Thought Piece

IEA’s definition of renewables is hydro, wind and solar, which sounds more like a political slogan. That said, emission reductions come in many forms: My clean energy definition includes provable energy efficiencies, new NG power plants, LNG, new modern nuclear, updated and much cleaner power plants, new pipelines, new infrastructure, new wireless broadband, and other measurable emission reduction strategies.

If renewables are really good for the planet, including economic development, why are renewables such a poor investment in the poorest 1/3 of the world, why aren’t renewables capable of capital formation (making $), why haven’t they created jobs, and why have they needed continuing governmental and political support for the last 40 years.

IEA warns of ‘worrying trend’ as global investment in renewables falls

Fossil fuels increased share of energy supply investment last year – the first time since 2014

The world’s energy watchdog has sounded the alarm over a “worrying” pause in the shift to clean energy after global investment in renewables fell 7% to $318bn (£240bn) last year.

The International Energy Agency said the decline is set to continue into 2018, threatening energy security, climate change and air pollution goals.

Fossil fuels increased their share of energy supply investment for the first time since 2014, to $790bn, and will play a significant role for years on current trends, the IEA said.

Investment in coal power dropped sharply but was offset by an uptick in oil and gas spending, the World Energy Investment report found.

Dr Fatih Birol, the executive director of the IEA, said of the renewables fall: “We are seeing a decrease, which is disappointing. And more disappointing is we see the signs this decline may continue this year – this is a worrying trend.”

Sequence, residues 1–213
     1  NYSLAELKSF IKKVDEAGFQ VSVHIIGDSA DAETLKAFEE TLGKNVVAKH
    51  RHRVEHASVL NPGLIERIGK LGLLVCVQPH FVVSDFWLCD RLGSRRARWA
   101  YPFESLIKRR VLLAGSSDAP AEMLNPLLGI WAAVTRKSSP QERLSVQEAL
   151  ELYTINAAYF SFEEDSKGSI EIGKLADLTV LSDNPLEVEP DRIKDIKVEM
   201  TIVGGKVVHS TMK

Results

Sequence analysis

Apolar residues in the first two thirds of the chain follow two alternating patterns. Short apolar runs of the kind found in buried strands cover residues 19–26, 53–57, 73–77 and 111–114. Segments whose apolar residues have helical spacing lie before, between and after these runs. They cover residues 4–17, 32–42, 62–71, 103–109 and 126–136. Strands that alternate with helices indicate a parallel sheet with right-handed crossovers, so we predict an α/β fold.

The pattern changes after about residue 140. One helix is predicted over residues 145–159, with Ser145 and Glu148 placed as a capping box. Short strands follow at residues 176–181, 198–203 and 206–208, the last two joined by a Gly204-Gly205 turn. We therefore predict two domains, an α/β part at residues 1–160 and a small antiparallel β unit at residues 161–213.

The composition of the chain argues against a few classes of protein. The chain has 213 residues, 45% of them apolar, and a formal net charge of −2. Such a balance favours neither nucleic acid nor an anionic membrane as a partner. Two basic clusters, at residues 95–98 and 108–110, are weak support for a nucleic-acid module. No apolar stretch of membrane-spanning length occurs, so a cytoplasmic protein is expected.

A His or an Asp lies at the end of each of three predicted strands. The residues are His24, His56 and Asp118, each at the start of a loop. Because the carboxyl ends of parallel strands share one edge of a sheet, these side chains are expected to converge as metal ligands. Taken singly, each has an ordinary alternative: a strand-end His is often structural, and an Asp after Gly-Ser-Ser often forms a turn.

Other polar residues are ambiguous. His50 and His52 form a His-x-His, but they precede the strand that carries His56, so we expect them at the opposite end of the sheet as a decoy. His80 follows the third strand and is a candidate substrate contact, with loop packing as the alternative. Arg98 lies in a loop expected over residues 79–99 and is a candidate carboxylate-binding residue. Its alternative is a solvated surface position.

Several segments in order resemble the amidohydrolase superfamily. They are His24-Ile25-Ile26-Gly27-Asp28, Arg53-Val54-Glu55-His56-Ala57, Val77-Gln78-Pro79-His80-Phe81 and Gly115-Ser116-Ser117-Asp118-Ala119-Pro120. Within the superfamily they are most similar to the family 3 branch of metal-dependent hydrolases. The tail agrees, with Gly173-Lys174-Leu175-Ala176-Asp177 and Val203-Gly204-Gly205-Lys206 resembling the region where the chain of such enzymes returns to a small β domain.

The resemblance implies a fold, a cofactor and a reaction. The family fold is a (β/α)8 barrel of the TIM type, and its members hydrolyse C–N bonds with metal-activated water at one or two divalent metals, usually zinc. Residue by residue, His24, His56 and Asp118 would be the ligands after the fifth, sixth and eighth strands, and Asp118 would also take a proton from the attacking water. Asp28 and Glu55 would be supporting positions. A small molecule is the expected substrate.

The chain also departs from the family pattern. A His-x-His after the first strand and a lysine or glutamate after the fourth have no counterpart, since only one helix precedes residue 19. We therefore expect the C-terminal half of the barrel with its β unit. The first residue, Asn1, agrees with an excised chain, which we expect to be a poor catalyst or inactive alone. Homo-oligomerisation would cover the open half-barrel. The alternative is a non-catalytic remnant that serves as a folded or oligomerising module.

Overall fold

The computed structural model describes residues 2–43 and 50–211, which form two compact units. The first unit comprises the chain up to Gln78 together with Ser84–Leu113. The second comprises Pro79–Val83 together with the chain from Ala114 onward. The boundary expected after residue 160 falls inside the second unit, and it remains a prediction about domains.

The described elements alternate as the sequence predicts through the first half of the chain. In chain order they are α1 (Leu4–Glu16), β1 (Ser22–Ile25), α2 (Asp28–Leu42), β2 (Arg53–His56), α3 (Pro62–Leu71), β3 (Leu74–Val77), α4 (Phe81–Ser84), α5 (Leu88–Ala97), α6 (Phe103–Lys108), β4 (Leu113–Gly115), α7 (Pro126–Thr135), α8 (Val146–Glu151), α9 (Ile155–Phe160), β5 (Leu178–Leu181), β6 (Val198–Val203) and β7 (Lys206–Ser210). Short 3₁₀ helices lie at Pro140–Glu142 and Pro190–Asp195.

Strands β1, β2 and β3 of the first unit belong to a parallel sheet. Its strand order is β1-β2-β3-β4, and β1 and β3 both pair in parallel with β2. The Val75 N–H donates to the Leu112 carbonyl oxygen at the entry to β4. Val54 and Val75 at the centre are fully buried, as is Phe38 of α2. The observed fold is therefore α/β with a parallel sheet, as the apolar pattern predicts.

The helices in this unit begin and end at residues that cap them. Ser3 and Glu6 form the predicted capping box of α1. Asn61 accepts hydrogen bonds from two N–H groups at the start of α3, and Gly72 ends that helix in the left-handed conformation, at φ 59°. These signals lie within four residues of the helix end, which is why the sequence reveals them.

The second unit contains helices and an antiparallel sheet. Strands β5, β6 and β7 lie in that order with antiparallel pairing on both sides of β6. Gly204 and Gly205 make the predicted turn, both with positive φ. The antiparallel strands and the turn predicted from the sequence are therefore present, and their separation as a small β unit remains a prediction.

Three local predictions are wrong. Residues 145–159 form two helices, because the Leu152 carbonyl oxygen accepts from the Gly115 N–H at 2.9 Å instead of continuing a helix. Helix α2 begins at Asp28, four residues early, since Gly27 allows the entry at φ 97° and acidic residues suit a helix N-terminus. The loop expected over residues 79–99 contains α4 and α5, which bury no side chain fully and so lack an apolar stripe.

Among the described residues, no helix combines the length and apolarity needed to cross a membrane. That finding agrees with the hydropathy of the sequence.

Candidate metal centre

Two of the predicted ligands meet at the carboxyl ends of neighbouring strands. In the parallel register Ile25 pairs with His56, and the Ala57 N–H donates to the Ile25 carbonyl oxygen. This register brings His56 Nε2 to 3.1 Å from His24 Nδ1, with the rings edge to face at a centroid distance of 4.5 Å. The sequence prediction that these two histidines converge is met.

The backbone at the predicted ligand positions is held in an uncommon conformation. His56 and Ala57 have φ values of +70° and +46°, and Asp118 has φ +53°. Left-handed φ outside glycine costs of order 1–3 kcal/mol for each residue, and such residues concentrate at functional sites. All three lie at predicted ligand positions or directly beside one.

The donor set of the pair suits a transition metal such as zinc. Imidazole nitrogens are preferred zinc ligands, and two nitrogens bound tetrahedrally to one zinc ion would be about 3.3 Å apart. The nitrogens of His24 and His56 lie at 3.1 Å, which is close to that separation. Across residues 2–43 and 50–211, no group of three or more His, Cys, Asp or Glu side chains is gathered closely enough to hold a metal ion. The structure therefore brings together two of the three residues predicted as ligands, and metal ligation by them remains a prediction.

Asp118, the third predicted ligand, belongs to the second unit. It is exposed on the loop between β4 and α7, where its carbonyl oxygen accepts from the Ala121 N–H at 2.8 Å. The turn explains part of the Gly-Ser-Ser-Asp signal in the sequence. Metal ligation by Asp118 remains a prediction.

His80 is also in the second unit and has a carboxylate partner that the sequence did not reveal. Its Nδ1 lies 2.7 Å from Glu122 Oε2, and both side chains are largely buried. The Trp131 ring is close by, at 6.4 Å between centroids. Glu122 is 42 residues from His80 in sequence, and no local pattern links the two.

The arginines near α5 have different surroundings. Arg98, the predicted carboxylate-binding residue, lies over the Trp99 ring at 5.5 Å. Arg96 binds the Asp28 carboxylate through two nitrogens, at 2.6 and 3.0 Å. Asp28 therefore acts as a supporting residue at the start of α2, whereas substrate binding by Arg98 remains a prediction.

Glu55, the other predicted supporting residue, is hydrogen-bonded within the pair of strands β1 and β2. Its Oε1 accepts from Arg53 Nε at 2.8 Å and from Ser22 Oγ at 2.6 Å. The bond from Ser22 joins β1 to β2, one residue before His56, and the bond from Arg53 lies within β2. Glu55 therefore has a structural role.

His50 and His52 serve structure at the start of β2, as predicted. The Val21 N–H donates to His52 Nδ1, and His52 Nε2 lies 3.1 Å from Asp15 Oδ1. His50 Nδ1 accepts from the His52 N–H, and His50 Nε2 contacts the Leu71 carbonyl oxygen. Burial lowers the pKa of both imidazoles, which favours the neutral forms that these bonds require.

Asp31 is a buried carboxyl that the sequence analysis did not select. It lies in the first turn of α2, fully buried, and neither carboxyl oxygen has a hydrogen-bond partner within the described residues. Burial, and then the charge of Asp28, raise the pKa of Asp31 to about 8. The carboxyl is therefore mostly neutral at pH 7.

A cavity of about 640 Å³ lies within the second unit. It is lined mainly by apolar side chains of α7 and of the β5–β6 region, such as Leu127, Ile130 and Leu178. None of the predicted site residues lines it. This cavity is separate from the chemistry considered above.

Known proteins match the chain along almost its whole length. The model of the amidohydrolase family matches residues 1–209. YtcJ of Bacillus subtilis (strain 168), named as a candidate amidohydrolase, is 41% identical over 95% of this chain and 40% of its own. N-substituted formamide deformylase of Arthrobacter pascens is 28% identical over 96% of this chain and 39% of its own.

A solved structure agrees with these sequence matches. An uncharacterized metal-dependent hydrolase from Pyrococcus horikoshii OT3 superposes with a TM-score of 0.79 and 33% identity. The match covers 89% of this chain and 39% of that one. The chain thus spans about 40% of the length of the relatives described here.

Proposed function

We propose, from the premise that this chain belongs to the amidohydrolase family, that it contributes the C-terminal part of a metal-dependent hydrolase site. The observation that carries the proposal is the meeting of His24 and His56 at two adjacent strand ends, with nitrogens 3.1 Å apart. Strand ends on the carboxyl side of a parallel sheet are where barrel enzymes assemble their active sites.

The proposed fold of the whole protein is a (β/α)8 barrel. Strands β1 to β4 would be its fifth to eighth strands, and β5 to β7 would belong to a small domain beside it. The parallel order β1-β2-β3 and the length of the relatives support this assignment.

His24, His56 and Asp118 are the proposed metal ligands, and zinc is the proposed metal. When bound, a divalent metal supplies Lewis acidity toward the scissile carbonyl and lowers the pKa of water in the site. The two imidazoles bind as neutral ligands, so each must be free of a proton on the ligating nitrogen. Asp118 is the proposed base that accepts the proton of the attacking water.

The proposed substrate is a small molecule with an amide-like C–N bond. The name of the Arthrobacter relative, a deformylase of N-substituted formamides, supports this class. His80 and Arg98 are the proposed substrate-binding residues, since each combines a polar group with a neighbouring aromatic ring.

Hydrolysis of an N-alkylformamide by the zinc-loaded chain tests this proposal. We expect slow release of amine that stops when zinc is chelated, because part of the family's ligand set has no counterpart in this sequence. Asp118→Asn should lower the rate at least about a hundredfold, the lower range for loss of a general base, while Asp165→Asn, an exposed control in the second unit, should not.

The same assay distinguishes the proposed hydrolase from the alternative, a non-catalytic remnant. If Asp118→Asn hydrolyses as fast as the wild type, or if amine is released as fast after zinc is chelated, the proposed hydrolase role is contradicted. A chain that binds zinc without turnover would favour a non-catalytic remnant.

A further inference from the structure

Fossil fuels’ share of energy investment needs to drop to 40% by 2030 to meet climate targets but instead rose fractionally to 59% in 2017.

World leaders’ warm words on renewables and energy efficiency needed to be matched with action, Birol said, urging governments to create less investment uncertainty for green energy.

“I was myself worried to see there is a contradiction between a) the statements the governments make and b) what the world needs today vis-a-vis the investment numbers, where we see a decline,” he said.

Globally, energy investment fell 2% to $1.8tn in 2017, with electricity taking a bigger share than oil and gas for the second year in a row.

The decline in renewable power generation spending was mostly down to falls in wind power and hydro but solar hit record levels despite becoming cheaper to install.

While coal investment fell to its lowest level in 10 years, spending on gas-fired power stations rose 40%. Nuclear power fell sharply to the lowest level of investment in five years.

In the oil and gas industry, rising prices have helped investment in production rise 4% last year and is expected to grow 5% this year. The US’s shale boom will drive much of the growth, and frackers are on track to achieve positive free cashflow this year, for the first time.

The US is not expected to pump enough extra crude to bring down oil prices, though. Birol said: “US shale growth is very welcome growth for badly needed additions but this growth alone will not be enough to balance out the markets.”

Outside the US, investment in conventional oil and gas projects remains subdued and Birol said the world faced “major difficulties” if investment was not stepped up.

Motorists spent $43bn on fully electric cars and plug-in hybrids last year, accounting for half of global growth in car sales. However, the battery-powered cars are not seriously denting oil demand yet, the IEA said.

Governments are increasing investment in energy markets, either directly through state-owned firms or indirectly via investments policies and regulation, which Birol said was a surprising development.